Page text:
Book Review: Geneaology of the Pagan Gods
Translated and edited by Jon Solomon
I Tatti Renaissance Library, 2011
The best scholarship explodes habitual thinking, and there are two kinds of habits most readers fall into when it comes to beloved authors like Boccaccio. One of these habits is general: readers often tend to focus on that one magical work of an author to the exclusion of all else – sometimes to the omission of all else. That one work need not be the best thing the author ever wrote (ironically, if often isn’t), but it will always be the one in which the author’s gifts were on fullest, liveliest display for good or ill – hence how overshadowingly memorable they are. Readers think of Chaucer and “The Canterbury Tales” in one mental image, even though the work is unfinished and inferior on technical grounds to “Troilus and Criseyde.” Modern audiences hear ‘Edwin O’Connor’ and think The Last Hurrah, ‘Anthony Burgess’ and think A Clockwork Orange, ‘Joseph Heller’ and think Catch-22, ‘William Golding’ and think Lord of the Flies … when in all cases the authors not only wrote stacks of other books but stacks of better books.
Likewise this is surely true of Boccaccio, whose name is forever synonymous with The Decameron, a rollicking and wonderful collection of stories the author wrote in ornate and playful Italian. “Boccaccio’s Decameron” has become such a name in Freshmen English courses throughout the world that many readers would be surprised to learn the man wrote anything else at all. And those same English courses perpetuate the second lazy habit of thinking in question, this one specific to Boccaccio: that in the early 1350s the author had his literary conceptions changed by several long interviews with Petrarch, and that as a result of those changes he switched from writing in stories in Italian to writing treatises in Latin – and immediately lost his readability.
Readers more familiar with the author knew better – knew, in fact, that the work that is very likely the magnum opus of his life was one almost entirely unknown to the general reading public: Genealogia deorum gentilium, which translator Jon Solomon renders as “Genealogy of the Pagan Gods,” a truly stupendous effort in which Boccaccio references hundreds of ancient Greek and Roman sources in over a thousand citations – a stunningly masterful synthesis of all classical mythology, running to over 700 chapters.
The whole thing is an utterly amazing performance, a towering masterpiece of Renaissance humanism, and here, as one of the latest entries in Harvard University Press’ I Tatti Renaissance Library, it gets its very first unabridged translation into English. Jon Solomon does the honors, everywhere using a deftly light touch that works perfectly to bring out the relatively straightforward simplicity, sometimes called ‘arid’ by those who go into the work expecting frolics in the Tuscan hills, of the Latin Boccaccio uses in this teeming work.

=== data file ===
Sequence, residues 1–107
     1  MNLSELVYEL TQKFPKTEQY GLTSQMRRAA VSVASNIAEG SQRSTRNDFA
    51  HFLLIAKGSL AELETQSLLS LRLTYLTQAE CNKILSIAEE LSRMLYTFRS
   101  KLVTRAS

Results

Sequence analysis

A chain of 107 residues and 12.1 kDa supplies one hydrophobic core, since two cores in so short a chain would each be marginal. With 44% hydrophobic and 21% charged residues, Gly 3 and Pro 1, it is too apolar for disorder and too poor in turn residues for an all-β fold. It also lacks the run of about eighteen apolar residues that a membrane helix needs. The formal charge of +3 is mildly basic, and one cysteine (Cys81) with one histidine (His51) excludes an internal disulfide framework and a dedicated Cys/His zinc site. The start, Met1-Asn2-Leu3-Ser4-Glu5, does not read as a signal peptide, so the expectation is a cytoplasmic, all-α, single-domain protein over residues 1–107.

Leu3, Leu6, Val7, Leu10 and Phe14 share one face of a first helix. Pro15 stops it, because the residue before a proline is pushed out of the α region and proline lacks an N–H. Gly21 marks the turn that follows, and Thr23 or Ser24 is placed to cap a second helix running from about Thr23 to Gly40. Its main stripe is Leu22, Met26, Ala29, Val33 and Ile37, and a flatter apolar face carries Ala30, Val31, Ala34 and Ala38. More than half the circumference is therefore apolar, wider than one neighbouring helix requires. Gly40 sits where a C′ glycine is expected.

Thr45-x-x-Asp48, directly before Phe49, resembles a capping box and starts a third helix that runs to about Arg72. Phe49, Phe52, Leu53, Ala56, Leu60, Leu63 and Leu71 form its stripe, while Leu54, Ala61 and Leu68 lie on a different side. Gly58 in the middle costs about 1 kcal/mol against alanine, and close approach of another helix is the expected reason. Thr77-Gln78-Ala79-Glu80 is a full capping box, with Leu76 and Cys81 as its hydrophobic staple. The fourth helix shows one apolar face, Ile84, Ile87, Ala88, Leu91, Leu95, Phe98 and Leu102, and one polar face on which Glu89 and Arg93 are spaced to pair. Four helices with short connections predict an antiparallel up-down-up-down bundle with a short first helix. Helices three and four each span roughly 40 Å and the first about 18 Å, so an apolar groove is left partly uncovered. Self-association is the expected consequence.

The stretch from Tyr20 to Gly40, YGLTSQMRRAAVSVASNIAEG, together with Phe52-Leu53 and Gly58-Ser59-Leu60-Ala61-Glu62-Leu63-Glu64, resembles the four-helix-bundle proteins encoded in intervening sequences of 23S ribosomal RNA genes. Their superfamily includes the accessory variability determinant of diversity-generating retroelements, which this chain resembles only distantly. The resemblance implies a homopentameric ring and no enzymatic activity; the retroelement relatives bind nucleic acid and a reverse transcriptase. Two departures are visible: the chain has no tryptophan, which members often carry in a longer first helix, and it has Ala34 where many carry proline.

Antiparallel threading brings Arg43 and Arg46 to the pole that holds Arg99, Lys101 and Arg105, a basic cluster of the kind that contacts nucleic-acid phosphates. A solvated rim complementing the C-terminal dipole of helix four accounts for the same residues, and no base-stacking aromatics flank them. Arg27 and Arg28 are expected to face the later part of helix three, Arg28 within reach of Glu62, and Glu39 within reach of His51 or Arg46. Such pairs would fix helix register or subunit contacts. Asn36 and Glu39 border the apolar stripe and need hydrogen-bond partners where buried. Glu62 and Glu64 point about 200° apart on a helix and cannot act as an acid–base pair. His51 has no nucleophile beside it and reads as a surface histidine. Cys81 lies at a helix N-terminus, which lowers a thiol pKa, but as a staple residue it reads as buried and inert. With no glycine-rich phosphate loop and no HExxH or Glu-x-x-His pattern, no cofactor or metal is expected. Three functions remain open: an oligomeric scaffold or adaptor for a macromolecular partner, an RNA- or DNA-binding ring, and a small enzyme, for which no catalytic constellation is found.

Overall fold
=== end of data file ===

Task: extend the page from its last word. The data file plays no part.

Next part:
In this work (I Tatti plans to publish the whole thing in three volumes), Boccaccio sets himself a task very similar to that hopeless vanity-project embarked upon by dry-as-dust Mr. Casaubon in Middlemarch: collecting and reconciling all the various wandering threads of ancient mythology. Readers who think Boccaccio sacrificed the buoyant, inquisitive nature of his vernacular works in order to write more ‘serious’ tomes will find themselves, thanks to Solomon’s adroit work, in the company of the same intelligent, open-minded Boccaccio they perhaps only know from “The Decameron”:
The myrtle bush is dedicated to Venus because, as Rabanus says, it originates along the shore and is said to be maritime, and Venus, too, was said to be born in the sea; or because the odor of the tree is believed by some to induce love; or, as doctors say, because it provides many beneficial things for women; or because from its berries a certain substance can be made to excite passion and then strengthen it, as the comic poet Sutrius seems to testify when introducing the prostitute Glycon by saying, “Bring me myrtle, that I might run into the arms of Venus more vigorously.” Indeed, the rose is said to be her flower because it has such a sweet odor.
Intelligent, open-minded, and incurably prurient, as that precious “from its berries a certain substance can be made” hints with its smirk rigorously suppressed.That smirk is also present, also ruthlessly controlled, during the many little digressions Boccaccio makes onto more theological terrain. Like all humanists, he’d received criticism from certain quarters for devoting so much time and scholarship to the pagan literatures of the ancient world, and like all humanists, he couldn’t help but bristle a bit at the implication that the faithful could not study the classics – and conversely, that those who studied the classics could not be faithful. There’s a wry undertone to many of his doctrinal speculations, a wink in the eye that Solomon again and again captures perfectly:
We believe God dwells in heaven, and from the sky there is no more remote place than the center of the earth, and therefore it is perhaps not incorrectly believed that it is a place as far as possible from God that the wicked pay their penalties.
This I Tatti volume is in itself a mighty achievement, and when it’s joined by its companion volumes, all attractively produced and supplied with the extensive critical apparatus most modern readers will need for a work that isn’t entirely accessible, it will stand as a long-overdue monument to its beloved author. And it will give that author’s many fans something new – and wonderful – by him to read.